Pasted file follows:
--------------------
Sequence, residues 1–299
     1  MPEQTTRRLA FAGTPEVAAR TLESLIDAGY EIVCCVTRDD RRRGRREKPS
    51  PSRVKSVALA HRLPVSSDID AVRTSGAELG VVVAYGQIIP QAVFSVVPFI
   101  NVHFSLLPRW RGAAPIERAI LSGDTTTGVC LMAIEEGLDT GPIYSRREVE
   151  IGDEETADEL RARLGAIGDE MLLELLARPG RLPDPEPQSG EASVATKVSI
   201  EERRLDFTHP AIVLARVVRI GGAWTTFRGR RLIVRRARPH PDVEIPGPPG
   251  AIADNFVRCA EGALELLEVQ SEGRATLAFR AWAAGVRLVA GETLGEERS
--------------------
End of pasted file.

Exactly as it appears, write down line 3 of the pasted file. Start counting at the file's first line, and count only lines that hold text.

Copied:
    51  PSRVKSVALA HRLPVSSDID AVRTSGAELG VVVAYGQIIP QAVFSVVPFI